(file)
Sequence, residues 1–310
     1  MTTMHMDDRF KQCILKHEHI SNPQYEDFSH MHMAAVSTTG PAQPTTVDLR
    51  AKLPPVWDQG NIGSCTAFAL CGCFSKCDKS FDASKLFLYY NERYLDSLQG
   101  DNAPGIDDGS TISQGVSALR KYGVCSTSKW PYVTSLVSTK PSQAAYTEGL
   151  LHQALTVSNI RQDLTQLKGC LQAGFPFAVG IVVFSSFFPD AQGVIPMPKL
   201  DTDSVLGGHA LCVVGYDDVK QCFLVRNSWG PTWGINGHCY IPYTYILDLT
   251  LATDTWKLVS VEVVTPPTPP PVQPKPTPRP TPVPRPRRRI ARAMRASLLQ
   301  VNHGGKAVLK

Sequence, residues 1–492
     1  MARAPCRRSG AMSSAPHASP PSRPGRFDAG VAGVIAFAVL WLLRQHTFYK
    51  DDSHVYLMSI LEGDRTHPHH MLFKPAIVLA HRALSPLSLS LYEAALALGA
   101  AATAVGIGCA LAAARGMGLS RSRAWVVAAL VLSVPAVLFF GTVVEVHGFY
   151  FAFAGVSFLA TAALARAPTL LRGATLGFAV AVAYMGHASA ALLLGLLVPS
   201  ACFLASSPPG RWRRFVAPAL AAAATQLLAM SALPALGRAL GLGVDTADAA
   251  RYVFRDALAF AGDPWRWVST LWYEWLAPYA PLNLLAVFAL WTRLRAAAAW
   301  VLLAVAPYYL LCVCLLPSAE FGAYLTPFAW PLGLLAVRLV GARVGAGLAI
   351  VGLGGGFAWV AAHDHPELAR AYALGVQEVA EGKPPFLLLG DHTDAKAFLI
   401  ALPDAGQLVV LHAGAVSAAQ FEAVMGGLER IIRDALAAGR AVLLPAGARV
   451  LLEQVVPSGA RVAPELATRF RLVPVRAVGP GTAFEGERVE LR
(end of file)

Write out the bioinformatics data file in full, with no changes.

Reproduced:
Sequence, residues 1–310
     1  MTTMHMDDRF KQCILKHEHI SNPQYEDFSH MHMAAVSTTG PAQPTTVDLR
    51  AKLPPVWDQG NIGSCTAFAL CGCFSKCDKS FDASKLFLYY NERYLDSLQG
   101  DNAPGIDDGS TISQGVSALR KYGVCSTSKW PYVTSLVSTK PSQAAYTEGL
   151  LHQALTVSNI RQDLTQLKGC LQAGFPFAVG IVVFSSFFPD AQGVIPMPKL
   201  DTDSVLGGHA LCVVGYDDVK QCFLVRNSWG PTWGINGHCY IPYTYILDLT
   251  LATDTWKLVS VEVVTPPTPP PVQPKPTPRP TPVPRPRRRI ARAMRASLLQ
   301  VNHGGKAVLK

Sequence, residues 1–492
     1  MARAPCRRSG AMSSAPHASP PSRPGRFDAG VAGVIAFAVL WLLRQHTFYK
    51  DDSHVYLMSI LEGDRTHPHH MLFKPAIVLA HRALSPLSLS LYEAALALGA
   101  AATAVGIGCA LAAARGMGLS RSRAWVVAAL VLSVPAVLFF GTVVEVHGFY
   151  FAFAGVSFLA TAALARAPTL LRGATLGFAV AVAYMGHASA ALLLGLLVPS
   201  ACFLASSPPG RWRRFVAPAL AAAATQLLAM SALPALGRAL GLGVDTADAA
   251  RYVFRDALAF AGDPWRWVST LWYEWLAPYA PLNLLAVFAL WTRLRAAAAW
   301  VLLAVAPYYL LCVCLLPSAE FGAYLTPFAW PLGLLAVRLV GARVGAGLAI
   351  VGLGGGFAWV AAHDHPELAR AYALGVQEVA EGKPPFLLLG DHTDAKAFLI
   401  ALPDAGQLVV LHAGAVSAAQ FEAVMGGLER IIRDALAAGR AVLLPAGARV
   451  LLEQVVPSGA RVAPELATRF RLVPVRAVGP GTAFEGERVE LR